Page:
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7:34:57 PM
  • Wireless ISP warned. The FCC has issued a warning to a nationwide ISP to stop interfering with amateur radio use of a frequency in the Part 15 (unlicensed) spectrum. FCC Part 15 rules place on the users of unlicensed spectrum the burden of assuring that they don't interfere with other such users. The 2.4 GHz band being used by Darwin Networks for 802.11b service overlaps frequencies licensed for use by amateur radio operators. This FCC action may signal the agency's seriousness about enforcing its rules favoring licenced over unlicensed uses if the spectrum.

    Spread-spectrum technology, as implemented in the 802.11b standard, trades off bandwidth to achieve greater robustness against interference. Most off-the-shelf 802.11b equipment (for example PCMCIA cards) is designed so that interference with other users sharing the same spectrum should be minimal at its rated power output. A geek of my acquaintence saw the report of the FCC's action and guessed what Darwin Networks may have been doing to cause noticable interferance in the 2.4 GHz band. He speculates that the ISP may have been boosting the output of their 802.11b equipment -- say from 0.1 or 0.25 Watts to 1 Watt -- in an attempt to increase the signal/noise ratio and so to push more bits per second.

    The FCC action was filed on 2001-02-08 and Darwin Networks had 10 days to respond, so the whole matter may by now have been concluded amicably. But the action could be the tip of a very large iceberg looming in the path of the unlicensed wireless industry.

    This news came across Dave Farber's IP mailing list.


6:26:01 PM
3:39:52 PM KnowNow
  • KnowNow makes another high-profile hire. As I noted last week, the secretive company, which has been getting permeable of late, was Slashdotted 10 days ago when Wilfredo Sanchez noted in his Advogato diary that he had left Apple's Darwin project to join KnowNow. Now the company has picked up another visible player, Matt Haughey, inventor of Metafilter and most recently at Pyra working on Blogger. His blog entry for 2001-02-14 says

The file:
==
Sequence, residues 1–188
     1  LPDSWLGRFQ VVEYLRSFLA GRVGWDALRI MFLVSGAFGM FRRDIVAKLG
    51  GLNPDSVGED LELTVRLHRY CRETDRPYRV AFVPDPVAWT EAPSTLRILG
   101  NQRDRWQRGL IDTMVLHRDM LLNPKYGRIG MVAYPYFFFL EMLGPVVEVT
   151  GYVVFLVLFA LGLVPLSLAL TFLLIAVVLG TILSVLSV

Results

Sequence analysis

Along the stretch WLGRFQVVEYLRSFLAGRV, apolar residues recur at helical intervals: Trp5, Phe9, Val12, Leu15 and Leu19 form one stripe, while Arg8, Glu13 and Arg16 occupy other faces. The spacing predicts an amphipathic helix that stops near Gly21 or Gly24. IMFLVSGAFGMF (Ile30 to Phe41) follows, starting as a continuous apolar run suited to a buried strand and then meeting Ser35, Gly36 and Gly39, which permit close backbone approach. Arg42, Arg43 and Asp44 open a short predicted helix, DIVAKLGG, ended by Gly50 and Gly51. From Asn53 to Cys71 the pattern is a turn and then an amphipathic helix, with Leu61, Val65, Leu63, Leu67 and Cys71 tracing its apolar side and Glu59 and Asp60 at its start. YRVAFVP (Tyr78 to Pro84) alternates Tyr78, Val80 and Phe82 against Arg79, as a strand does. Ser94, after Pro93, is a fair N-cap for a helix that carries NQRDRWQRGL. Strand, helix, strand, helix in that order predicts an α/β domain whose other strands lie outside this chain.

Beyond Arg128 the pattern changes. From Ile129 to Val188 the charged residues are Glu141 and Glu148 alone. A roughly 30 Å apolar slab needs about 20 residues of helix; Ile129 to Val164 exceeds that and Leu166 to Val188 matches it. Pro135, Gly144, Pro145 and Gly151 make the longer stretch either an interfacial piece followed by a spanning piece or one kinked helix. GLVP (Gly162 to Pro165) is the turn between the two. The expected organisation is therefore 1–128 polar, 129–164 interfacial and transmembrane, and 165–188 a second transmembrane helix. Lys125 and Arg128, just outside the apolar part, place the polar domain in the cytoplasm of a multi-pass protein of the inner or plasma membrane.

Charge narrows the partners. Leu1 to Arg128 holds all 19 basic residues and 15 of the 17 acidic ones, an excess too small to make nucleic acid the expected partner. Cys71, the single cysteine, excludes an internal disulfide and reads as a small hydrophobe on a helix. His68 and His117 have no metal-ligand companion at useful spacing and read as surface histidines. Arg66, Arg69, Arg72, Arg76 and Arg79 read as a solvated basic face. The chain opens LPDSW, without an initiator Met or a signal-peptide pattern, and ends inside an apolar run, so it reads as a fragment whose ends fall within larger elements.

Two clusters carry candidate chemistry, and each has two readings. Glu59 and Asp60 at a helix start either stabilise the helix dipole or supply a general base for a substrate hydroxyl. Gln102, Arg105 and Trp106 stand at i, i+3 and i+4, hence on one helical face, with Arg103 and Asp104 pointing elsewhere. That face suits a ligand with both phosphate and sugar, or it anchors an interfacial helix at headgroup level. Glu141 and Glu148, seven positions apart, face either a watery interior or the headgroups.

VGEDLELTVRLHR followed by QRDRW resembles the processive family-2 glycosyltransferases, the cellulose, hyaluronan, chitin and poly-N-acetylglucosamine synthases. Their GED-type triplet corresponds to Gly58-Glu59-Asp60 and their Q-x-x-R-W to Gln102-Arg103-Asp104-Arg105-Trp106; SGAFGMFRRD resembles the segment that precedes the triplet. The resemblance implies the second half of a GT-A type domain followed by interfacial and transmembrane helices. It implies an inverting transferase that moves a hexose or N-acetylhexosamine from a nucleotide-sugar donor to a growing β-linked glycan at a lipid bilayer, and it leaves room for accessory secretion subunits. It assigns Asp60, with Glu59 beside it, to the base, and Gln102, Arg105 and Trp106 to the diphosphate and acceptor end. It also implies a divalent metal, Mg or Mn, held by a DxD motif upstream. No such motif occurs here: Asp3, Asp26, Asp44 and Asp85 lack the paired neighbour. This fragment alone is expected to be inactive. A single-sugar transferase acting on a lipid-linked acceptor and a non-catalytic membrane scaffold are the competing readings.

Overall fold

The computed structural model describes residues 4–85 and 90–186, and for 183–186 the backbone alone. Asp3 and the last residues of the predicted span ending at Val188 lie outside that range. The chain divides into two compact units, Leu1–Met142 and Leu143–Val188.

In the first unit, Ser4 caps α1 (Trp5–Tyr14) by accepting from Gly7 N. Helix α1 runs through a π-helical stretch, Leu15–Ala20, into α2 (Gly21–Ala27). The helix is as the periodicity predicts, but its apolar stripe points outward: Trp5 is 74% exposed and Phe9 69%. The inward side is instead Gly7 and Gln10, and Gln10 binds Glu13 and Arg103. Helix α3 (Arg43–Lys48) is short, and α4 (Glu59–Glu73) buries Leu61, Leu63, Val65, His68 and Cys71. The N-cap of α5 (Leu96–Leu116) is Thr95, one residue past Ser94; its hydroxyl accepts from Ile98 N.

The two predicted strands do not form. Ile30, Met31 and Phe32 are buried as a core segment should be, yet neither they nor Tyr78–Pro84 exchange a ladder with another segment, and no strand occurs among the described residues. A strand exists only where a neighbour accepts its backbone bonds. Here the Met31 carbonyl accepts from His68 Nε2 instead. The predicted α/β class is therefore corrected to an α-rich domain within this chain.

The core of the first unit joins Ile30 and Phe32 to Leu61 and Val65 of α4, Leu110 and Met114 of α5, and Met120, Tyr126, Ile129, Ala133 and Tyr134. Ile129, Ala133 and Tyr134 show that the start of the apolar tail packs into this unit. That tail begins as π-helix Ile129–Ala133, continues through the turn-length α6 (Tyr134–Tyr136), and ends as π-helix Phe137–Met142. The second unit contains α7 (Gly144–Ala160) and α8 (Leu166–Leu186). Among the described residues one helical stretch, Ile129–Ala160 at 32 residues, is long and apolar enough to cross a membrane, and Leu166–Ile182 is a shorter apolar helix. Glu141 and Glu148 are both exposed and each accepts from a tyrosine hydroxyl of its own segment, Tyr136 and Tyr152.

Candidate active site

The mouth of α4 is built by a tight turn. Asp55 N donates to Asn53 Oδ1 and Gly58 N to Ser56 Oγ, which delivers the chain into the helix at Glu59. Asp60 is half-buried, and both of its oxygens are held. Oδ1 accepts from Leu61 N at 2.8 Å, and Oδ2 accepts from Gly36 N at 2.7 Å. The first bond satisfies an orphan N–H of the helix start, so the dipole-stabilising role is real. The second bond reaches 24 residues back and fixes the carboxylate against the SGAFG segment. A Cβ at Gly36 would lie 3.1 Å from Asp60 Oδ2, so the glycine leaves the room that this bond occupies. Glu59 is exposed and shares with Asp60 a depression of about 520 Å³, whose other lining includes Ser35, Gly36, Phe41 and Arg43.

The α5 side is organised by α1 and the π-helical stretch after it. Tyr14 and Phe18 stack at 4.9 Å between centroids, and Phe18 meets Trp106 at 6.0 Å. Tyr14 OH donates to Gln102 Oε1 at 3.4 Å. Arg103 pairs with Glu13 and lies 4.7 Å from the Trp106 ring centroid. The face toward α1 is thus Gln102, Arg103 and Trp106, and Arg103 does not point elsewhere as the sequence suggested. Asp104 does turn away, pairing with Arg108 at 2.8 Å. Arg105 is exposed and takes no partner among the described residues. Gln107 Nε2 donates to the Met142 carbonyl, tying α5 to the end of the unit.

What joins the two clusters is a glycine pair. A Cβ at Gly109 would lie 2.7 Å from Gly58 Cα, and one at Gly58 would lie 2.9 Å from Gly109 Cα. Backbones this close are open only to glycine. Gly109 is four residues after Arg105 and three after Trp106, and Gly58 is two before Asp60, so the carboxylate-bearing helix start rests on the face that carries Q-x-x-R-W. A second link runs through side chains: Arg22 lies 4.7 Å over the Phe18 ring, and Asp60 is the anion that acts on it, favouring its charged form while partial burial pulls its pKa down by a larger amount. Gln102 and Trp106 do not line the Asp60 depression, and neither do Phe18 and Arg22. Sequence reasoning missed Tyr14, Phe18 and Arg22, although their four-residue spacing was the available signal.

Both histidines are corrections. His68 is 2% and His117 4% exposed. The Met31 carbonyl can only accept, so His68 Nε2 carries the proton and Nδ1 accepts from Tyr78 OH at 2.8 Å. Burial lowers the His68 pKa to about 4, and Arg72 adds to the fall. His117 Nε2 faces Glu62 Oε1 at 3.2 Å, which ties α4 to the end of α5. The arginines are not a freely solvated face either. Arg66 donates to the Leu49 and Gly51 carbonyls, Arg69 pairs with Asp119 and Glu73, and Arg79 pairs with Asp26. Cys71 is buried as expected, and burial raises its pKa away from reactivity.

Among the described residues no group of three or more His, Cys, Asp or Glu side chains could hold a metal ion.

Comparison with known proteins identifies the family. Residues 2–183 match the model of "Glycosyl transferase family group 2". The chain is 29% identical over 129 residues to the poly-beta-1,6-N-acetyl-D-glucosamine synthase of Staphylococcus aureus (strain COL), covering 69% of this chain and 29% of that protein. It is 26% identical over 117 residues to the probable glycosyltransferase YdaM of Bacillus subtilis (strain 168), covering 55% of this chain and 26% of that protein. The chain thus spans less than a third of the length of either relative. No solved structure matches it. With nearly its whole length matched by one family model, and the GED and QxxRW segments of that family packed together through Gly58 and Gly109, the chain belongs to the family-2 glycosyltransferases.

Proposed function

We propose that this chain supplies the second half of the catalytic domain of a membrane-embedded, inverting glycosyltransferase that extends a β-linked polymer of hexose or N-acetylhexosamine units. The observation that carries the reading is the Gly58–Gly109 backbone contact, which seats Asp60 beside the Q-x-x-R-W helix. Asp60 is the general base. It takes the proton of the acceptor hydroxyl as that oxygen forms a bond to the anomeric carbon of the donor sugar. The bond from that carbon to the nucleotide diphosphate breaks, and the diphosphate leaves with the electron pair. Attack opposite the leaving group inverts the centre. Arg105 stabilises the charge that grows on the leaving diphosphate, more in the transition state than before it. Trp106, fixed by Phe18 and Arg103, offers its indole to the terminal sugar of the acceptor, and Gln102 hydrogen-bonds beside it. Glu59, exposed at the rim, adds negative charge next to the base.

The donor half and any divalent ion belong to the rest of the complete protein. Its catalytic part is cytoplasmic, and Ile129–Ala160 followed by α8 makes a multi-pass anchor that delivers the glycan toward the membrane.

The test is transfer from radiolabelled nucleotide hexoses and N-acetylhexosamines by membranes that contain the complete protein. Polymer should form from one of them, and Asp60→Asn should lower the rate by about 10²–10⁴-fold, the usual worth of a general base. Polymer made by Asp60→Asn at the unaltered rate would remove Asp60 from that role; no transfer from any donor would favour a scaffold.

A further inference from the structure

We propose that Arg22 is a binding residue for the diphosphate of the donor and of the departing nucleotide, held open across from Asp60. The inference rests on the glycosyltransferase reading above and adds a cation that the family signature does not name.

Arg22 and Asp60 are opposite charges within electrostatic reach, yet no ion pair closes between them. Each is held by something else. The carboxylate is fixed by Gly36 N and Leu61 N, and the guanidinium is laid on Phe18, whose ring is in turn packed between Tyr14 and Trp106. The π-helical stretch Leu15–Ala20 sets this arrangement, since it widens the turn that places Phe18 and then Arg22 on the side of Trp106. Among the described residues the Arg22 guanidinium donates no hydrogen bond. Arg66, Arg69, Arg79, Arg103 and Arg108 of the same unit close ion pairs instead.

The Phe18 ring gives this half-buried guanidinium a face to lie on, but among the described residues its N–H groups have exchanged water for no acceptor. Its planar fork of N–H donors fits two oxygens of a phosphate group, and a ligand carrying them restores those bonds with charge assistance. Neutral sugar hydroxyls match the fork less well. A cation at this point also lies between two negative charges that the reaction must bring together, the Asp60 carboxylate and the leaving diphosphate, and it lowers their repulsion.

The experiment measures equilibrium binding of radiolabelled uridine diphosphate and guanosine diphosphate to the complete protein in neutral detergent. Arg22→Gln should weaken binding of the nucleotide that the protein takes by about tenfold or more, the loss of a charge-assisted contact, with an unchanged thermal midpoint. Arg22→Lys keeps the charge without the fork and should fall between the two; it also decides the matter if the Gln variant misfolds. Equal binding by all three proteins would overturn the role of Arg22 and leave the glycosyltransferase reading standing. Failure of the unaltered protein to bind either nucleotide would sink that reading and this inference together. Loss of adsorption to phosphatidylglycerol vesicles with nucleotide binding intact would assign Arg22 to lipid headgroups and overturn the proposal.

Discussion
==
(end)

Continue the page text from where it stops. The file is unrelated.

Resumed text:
Today was my first day at KnowNow, and since the company has slipped behind a transmeta-esque veil of secrecy, the most popular IM message I get these days is "so what does KnowNow actually do?" I'm under NDA, so I can't say, but Dan Gilmor attended the O'Reilly P2P conference and spilled some of the beans in his column today. So there, now you know. Quit askin' me already.

    Thanks to an anonymouse for the tip.

2:40:04 PM
  • Weather stations on an iceberg. A number of massive icebergs broke free of the Ross Ice Shelf in Antarctica last March. Scientists studying these icebergs have installed three separate weather stations on one of them, a 90-by-20-mile behemoth designated B-15A. Here is a satellite portrait of B15-A taken last Thursday. (I found it on this page at the University of Wisconsin, which loads 13 such photos totalling around 2MB.) The automated weather stations were delivered by helicopter. They are expected to last up to 5 years in the harsh conditions 150 feet above the the Antarctic sea. Each station has a GPS receiver and sensors to measure wind velocity and direction, relative humidity, surface temperature, and barometric pressure. This BBC story doesn't say so explicitly, but the stations seem to upload their data periodically to a satellite.
10:28:16 AM
  • When is system administration hacking? The law of unintended consequences has struck two owners of an Indian Web-hosting business. They spent six days in jail and face up to three years in prison because they shut off the Web site of a customer they claim had not paid his bill. The customer had them charged with the crime of hacking under a new Indian law.

    Rediff.com has the story here. The owner of Go2NextJob.com went to the police after the site's host, Softweb Solutions Inc., replaced its front page with a nonpayment notice. The police arrested Softweb's two owners and charged them with hacking under India's tough new IT Act, 2000, which has been in effect since last August.

    The IT Act was motivated by the need to recognize the validity of electronic signatures and transactions. But the act contains some provisions that opponents complained unnecessarily broaden police powers. According to Rediff, here is how section 66 of the bill defines hacking:

    Whoever with the intent to cause or knowing that he is likely to cause wrongful loss or damage to the public or any person destroys or deletes or alters any information residing in a computer resource or diminishes its value or utility or affects it injuriously by any means, commit[s] hacking.

    Thus a simple dispute over nonpayment for services, the kind that is resolved every day with the exchange of a few lawyerly letters, was immediately escalated to a felony charge under India's new IT law.

    Thanks to Shashvat Sinha for word on this story.

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